The next thing worth noticing is WHO Jesus picks and what that says about what He's trying to accomplish.  From the very beginning Jesus is working toward creating a community, a new 'kinship group.'  So he calls two sets of brothers.  That sounds reasonable.  But notice: one set of brothers are on the boat with their father.  They have enough financial umph to own their boat and to have hired help.  On the shore is the other set of brothers.  They don't have a boat.  They're throwing casting nets into the surf as they wade out to launch them just the other side of the breakers where the fish are most apt to be.  From the very beginning, Jesus' community is going to express the diversity of God's Kingdom.  In this first set of calls that diversity is economic.  Later it will be political and theological as well.

See what I mean by the "Russian Dolls?"

Jesus is on the move; proclaiming that the Kingdom of God, the New Creation, is here, now.  He is demonstrating what that Kingdom looks like.  It looks a lot like you and me being called out of the ordinariness of our lives into the life long task of following, learning, and imitating the God "who loves us and sent His Son."

Jesus called.  They followed. They dropped what they were doing and followed.  What will we do?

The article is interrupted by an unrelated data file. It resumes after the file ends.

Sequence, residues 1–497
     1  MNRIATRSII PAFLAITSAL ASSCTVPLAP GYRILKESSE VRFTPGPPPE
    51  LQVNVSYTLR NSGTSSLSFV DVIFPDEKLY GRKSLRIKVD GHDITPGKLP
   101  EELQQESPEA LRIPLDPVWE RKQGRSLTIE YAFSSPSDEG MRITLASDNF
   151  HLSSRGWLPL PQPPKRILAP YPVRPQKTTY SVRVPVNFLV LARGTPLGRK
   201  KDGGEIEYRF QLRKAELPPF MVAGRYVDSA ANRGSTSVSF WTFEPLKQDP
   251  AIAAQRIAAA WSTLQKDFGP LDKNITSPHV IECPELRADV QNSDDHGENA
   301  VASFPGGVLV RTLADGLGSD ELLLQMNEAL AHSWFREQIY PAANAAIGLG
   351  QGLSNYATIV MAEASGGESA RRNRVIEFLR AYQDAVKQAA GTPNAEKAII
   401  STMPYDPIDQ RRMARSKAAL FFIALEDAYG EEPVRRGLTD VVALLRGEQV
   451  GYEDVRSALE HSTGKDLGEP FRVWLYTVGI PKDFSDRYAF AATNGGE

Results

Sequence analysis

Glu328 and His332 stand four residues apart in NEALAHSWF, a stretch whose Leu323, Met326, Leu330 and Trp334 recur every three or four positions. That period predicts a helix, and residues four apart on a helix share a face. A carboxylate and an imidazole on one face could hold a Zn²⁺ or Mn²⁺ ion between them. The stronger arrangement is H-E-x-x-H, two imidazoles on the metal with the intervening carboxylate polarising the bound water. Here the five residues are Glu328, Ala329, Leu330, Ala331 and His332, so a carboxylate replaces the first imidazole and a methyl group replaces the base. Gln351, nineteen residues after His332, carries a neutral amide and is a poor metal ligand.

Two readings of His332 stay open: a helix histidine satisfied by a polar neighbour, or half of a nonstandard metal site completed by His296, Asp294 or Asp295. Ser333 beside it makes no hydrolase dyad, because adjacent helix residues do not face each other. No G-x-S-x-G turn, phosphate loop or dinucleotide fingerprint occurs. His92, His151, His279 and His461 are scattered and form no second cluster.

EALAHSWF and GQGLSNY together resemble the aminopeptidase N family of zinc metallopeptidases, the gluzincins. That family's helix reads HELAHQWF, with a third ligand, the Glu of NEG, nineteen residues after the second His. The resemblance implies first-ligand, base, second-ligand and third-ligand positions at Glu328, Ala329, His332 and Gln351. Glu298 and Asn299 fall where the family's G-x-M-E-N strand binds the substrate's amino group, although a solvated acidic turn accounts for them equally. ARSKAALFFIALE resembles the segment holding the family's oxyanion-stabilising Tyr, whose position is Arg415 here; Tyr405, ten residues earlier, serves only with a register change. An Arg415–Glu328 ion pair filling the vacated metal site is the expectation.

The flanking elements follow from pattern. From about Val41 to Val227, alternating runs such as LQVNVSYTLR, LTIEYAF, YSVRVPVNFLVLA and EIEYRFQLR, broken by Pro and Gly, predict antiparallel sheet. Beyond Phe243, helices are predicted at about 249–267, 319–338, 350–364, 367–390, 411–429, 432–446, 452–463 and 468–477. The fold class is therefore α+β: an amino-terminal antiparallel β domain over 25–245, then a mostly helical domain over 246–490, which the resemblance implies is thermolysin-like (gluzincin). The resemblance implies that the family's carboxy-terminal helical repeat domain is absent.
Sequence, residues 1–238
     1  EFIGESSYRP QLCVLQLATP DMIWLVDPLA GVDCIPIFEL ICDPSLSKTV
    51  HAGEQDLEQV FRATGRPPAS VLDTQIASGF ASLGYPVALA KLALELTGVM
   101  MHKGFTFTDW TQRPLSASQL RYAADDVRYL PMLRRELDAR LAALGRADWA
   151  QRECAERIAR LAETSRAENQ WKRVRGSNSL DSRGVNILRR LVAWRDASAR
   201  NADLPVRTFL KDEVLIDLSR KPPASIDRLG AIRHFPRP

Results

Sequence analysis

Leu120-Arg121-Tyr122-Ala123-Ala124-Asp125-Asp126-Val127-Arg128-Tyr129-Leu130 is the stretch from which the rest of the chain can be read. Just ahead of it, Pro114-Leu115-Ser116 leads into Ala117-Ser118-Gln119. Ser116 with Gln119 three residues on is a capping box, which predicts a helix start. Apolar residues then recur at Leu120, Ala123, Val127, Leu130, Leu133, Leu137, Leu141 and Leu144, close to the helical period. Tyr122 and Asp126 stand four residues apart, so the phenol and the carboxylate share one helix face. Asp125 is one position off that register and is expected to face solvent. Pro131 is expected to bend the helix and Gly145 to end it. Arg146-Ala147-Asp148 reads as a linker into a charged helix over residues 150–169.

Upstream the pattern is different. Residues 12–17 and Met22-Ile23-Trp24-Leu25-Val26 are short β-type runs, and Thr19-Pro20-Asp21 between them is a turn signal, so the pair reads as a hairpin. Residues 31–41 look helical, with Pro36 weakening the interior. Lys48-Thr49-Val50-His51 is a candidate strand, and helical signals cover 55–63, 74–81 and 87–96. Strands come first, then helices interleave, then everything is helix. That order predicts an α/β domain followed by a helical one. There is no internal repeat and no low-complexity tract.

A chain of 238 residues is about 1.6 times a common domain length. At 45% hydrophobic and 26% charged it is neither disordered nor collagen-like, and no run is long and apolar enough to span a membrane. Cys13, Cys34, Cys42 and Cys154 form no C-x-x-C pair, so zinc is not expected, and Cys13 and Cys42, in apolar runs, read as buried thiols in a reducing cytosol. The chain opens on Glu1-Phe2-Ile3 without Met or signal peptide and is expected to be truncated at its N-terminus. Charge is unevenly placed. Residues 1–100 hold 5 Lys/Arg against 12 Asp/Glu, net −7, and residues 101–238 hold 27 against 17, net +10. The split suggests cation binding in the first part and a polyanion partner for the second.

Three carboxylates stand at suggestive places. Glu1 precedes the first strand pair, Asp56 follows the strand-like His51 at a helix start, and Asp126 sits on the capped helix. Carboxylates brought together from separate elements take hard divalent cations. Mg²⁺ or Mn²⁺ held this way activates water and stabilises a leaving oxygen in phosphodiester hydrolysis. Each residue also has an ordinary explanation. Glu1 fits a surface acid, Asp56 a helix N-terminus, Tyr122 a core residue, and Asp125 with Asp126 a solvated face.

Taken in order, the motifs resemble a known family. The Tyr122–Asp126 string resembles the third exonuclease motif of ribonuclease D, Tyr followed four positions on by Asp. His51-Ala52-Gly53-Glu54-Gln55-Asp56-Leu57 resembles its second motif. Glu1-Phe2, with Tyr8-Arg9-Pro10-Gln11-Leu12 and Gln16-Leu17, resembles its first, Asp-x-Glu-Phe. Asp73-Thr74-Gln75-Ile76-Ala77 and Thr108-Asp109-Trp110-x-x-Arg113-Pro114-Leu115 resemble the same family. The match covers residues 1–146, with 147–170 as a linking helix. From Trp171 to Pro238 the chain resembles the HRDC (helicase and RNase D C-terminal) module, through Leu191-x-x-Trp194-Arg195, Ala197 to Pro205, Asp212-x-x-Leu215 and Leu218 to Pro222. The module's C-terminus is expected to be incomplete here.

Hope to see you tomorrow at church.
Shalom,
Stephen

Wednesday, January 11, 2012

Rippin' Baptisms and Dive Bombing Doves

I've gotten really intrigued with this coming Sunday's Gospel passage from Mark 4:1-15.  I can hear some of you saying, "that's a good thing, since you've got to preach about it," but it's more than that.  I mean that the visual/viseral images that it stirs up for me are unusually powerful and theologically (at least for me) profound.

The first issue is a question that was raised by my friend Gabe during the group that studies the passage for the following Sunday's sermon together each week, which was "why did Jesus need to be baptized if John's baptism was about repentance and the forgiveness of sins?"  Good question.  If Jesus was the Son of God and perfect, what did He need to be baptized for?

There are, I think, two major answers to that question.  The first is that Jesus' baptism marked the point in His life when He said "Yes" to the task of being the one who would inaugurate God's Kingdom.  The human part of Jesus had been moving His whole life toward this moment, responding to the part of himself that was God preparing to start God's great restoration project.  But that human part had to say "Yes," had to actively get on board.

The second thing.....and this to me is terribly important.....is that in going down into the water with all those searching, seeking, stumbling, repentent sinners, Jesus proclaims His solidarity, His identification with us....with all of us, in all our frail and stubborn humanity.  He bound Himself to us.  The reconciliation and redemption of humankind doesn't start at the cross (though the cross is an important part of that task), it starts here as Jesus symbolizes His kinship with us.